Response was assessed after completion of planned initial therapy according to WHO response criteria [18]. All outcomes were calculated from treatment start date to date of the stated events—overall survival (OS) to death from any cause, progression-free survival (PFS) to disease progression, relapse or death from any cause, and cause-specific survival (CSS) to death from disease or treatment-related causes.

The median follow-up time, computed by the reverse Kaplan–Meier method [19], was 5.5 years. Log-rank and Cox regression methods were used to analyse time-to-event data. The exact log-rank test was used to carry out an unadjusted comparison between two groups; this test is on the basis of the exact distribution of the sum of independent hypergeometric random variables. For comparisons between more than two groups, the Mantel–Cox log-rank test was used, and a test for trend was carried out when the subgroups consisted of ordered categories; these tests are based on the approximation to the chi-square distribution. Competing risks analysis using the method of Kalbfleisch and Prentice [20] was used to estimate cumulative incidence of first progression at each predominant site (breast, regional nodes, CNS, and other sites). Correlations among potential prognostic factors were examined using the Fisher’s exact test for 2 · 2 tables; otherwise, a test for trend was used when any subgroups consisted of ordered categories. Two-sided tests were used throughout. P values of <0.05 were considered statistically significant. Given the exploratory and hypothesis-generating nature of the study, no formal adjustment for multiple comparisons was made. Analyses were carried out using S-PLUS [21] and SPSS [22] software.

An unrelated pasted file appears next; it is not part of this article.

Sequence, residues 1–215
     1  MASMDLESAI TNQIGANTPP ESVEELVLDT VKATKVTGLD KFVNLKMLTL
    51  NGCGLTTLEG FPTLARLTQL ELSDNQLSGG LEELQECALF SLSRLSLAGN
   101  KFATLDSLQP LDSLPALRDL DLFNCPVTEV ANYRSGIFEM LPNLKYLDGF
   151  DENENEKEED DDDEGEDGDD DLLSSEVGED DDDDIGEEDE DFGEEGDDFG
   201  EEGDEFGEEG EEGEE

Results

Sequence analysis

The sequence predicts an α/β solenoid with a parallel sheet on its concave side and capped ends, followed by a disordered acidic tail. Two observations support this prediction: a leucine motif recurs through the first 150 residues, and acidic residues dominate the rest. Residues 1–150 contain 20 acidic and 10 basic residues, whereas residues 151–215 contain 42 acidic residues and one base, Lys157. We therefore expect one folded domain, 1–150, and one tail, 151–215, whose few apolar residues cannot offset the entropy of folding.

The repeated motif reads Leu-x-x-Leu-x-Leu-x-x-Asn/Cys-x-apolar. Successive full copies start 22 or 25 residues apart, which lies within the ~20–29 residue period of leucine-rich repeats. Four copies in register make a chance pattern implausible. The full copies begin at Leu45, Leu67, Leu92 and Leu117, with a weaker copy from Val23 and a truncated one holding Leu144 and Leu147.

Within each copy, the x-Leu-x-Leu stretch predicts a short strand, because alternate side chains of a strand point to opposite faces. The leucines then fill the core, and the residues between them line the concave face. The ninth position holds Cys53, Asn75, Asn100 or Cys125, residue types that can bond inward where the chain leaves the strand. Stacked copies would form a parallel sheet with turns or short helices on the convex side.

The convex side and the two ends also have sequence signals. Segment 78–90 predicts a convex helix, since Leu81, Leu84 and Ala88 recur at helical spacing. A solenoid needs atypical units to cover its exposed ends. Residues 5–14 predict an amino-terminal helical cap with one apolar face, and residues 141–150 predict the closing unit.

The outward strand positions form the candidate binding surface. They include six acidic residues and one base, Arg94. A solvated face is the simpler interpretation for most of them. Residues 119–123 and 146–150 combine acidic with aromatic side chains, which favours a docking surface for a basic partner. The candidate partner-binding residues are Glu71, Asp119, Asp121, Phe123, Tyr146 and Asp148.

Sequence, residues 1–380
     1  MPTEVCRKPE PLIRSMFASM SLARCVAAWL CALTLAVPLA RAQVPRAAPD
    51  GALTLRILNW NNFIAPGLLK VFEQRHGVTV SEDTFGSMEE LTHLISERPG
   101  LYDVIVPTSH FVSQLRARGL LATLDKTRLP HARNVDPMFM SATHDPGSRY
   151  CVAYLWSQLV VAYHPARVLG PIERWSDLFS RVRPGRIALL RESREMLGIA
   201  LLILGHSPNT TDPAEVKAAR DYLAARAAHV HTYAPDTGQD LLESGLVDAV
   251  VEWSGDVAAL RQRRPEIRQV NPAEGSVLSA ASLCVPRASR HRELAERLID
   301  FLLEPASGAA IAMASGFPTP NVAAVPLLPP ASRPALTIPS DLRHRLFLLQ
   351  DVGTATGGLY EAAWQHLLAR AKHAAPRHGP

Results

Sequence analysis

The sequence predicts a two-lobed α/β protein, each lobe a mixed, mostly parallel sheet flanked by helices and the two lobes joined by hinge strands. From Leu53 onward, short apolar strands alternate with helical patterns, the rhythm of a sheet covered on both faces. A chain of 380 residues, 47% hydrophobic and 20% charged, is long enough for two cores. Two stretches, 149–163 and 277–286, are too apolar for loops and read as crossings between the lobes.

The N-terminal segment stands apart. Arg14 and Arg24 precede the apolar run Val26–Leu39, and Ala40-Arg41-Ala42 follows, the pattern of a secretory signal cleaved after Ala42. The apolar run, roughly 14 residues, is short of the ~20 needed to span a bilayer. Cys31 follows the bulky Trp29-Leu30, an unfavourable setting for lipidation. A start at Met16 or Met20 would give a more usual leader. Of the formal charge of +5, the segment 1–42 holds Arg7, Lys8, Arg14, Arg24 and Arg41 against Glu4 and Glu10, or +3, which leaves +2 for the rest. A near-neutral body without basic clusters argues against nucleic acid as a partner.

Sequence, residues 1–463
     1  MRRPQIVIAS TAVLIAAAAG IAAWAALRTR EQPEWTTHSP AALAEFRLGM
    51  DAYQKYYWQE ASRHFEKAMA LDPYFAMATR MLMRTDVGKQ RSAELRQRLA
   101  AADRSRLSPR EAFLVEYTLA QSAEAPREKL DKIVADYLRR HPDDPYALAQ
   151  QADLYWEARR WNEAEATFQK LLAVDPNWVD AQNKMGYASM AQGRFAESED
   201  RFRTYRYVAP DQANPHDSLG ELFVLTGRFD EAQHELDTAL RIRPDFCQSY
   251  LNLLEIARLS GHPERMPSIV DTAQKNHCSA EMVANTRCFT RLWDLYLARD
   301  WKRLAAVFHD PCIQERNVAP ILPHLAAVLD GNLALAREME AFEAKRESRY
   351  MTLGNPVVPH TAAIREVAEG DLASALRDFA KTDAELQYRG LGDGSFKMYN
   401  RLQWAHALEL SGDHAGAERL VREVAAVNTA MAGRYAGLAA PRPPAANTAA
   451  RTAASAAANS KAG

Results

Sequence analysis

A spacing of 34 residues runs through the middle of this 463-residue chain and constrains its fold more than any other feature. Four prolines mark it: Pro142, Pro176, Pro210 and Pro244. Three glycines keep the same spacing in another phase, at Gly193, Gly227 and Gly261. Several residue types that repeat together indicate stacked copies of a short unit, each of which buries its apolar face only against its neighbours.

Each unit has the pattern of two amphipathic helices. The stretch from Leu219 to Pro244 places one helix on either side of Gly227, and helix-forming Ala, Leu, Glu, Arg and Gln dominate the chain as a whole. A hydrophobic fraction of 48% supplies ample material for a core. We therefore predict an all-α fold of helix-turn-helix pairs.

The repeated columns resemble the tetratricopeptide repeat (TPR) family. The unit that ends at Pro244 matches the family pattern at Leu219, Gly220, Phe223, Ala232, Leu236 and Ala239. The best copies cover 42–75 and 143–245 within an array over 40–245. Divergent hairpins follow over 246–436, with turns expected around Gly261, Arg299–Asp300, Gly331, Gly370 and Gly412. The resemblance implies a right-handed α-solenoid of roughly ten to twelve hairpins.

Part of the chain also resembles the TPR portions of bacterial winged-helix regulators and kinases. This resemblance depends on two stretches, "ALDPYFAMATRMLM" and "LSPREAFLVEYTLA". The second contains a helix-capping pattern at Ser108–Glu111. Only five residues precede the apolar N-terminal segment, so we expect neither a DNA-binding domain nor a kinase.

patient characteristics

Table 1 documents baseline characteristics of the patient group. Ten patients were reported as having mixed histology, with a mucosal-associated lymphoid tissue component plus predominant DLBCL. The outcome for these patients was similar to the remainder of the cohort, and they are included in all further analyses.